In a blog post by LG, we’ve seen the company announce the display specifications of the upcoming LG G7 ThinQ. The company confirms that the G7 will continue sporting an LCD display as opposed to the OLED type that was applied most recently on the LG V30.

The article details that we’ll be looking at a 6.1” 3120x1440 display which comes at a very wide 19.5:9 aspect ratio. The G6 was a 5.7” phone with an 18:9 aspect ratio, which resulted in a screen width of 65mm. The G7’s increase screen size is compensated by the wider aspect ratio, so we’ll be looking at an identical 65mm screen width and thus we’re expecting a similar body size to the G6.

LG promises a “Super Bright Display” technology with specifications such as up to a 1000nits brightness, as well as overall 30% less power consumption compared to the LG G6’s screen. What I’m expecting here is that the LCD is of a RGBW type as it would be natural explanation for the improvements in brightness and power efficiency.

LG further explains that we’ll be seeing the DCI-P3 gamut fully supported, as well as different screen modes adhering to different gamuts. It will be interesting to see if LG actually implements full colour management in the G7 as that would be the a great asset and leap for the new phone. The article states that the colour balance will be individually adjustable with R, G, and B controls, and we also see a colour temperature slider in the screen colour screenshot.

Finally, LG confirms that the G7 will feature a notch. The G7 is said to have reduced the bottom bezel compared to the G6, and expanded the screen with a “Second Screen” (translation inaccuracy possible) at the top which is essentially the “ears” alongside the notch. In the blog post picture it’s notable that LG allows for the notch ears to be hidden in the software by blacking them out when integrated with the notification area, a feature Huawei first showed off in the P20 and P20 Pro.

We’re expecting LG to officially announce the G7 ThinQ soon.

Source: LG Social

POST A COMMENT

16 Comments

View All Comments

  • zepi - Wednesday, April 25, 2018 - link

    Do we know when Android is expected to support colour management properly? Without it these wide gamut displays are kind of questionable. Reply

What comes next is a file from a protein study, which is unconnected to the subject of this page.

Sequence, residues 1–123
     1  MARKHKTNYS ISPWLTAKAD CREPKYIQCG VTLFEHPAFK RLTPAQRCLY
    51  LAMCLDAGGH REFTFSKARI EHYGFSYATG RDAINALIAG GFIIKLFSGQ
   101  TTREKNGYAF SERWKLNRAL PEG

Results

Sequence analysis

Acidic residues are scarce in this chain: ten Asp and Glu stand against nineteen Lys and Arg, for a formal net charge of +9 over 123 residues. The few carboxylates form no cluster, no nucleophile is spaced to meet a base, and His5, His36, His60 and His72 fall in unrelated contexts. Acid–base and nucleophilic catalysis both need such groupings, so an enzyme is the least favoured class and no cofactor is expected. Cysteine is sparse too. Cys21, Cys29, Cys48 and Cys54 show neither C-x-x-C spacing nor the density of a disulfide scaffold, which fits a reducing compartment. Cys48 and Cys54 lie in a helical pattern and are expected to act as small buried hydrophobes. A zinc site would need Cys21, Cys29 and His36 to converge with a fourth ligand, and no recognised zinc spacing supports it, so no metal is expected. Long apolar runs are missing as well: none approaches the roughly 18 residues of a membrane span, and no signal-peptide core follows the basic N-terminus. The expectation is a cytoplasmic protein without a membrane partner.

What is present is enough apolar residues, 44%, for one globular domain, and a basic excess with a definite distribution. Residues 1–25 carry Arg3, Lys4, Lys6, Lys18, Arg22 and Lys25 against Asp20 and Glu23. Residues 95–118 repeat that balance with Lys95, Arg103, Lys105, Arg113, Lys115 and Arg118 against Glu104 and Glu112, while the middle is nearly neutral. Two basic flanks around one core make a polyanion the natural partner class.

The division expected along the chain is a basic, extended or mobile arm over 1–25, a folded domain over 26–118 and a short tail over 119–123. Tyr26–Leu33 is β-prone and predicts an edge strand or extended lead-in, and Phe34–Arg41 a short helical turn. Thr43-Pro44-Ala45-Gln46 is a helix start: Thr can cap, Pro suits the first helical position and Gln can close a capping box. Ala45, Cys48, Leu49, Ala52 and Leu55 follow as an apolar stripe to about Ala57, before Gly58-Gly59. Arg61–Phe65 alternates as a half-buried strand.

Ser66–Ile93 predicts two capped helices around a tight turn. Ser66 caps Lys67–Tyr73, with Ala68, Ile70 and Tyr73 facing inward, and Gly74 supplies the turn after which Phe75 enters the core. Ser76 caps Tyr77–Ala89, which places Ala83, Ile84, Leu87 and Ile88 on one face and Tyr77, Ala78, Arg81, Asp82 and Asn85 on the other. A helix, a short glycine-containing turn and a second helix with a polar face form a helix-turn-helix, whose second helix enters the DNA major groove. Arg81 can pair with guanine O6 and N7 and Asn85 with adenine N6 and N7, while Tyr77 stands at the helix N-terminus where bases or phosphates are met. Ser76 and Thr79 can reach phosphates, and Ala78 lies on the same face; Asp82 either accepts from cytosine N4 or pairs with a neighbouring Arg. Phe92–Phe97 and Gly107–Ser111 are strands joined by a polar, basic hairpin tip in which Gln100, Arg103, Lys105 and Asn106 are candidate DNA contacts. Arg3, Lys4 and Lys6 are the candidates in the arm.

• Dr. Swag - Wednesday, April 25, 2018 - link

    Oreo was supposed to have it but I don't think a lot of apps are making use of P3 yet Reply
  • piroroadkill - Wednesday, April 25, 2018 - link

    If we must have these stupid goddamned "notches" in our screens, creating an ugliness and imbalance in the appearance of the device, at the very least the second mode should be the default: hide the damn thing by leaving white on black icons in the corners. That's just about passable. Reply
  • jordanclock - Wednesday, April 25, 2018 - link

    Well, the example on the right has just that, so calm down. Reply
  • Yuriman - Wednesday, April 25, 2018 - link

    Except that with an LCD, they won't really be blacked out. Reply
  • psychobriggsy - Wednesday, April 25, 2018 - link

    Yes, the one on the right should be the default.

    In a full screen app (e.g., video) then the clock and notification icons can dim or disappear if necessary, rather than have that stupid "video with notch" view.
    Reply
  • peevee - Friday, April 27, 2018 - link

    Where have you seen "video with notch" view? I have essential PH-1, and video does not have a notch in it. That is why the screens are wider than 16:9 to begin with. Reply
  • edzieba - Wednesday, April 25, 2018 - link

    If they're going RGBW, then there's a good chance they're doing similar subpixel number-fiddling as Pentile panels have done in the past (https://www.notebookcheck.net/Faux-K-Make-Sure-You... and using two-subpixels-per-pixel rather than four as you might expect from experience with RGB panels. Reply
  • Rocket321 - Wednesday, April 25, 2018 - link

    The last RGBW screen I used was an old Motorola Q, and it was garbage. The contrast was horrible. Will definitely wait for a quality review before I would consider this phone. Anyone know what SoC will be used? Reply
  • ApePriori - Wednesday, April 25, 2018 - link

    What's amazing about the completely bizarre 'notch' imitation is that I have no doubt Apple views the notch as a compromise they had to make in order to accommodate the FaceID sensor array. If they could have figured out a way to go all screen you can bet that notch would not be there. Reply

Log in

Don't have an account? Sign up now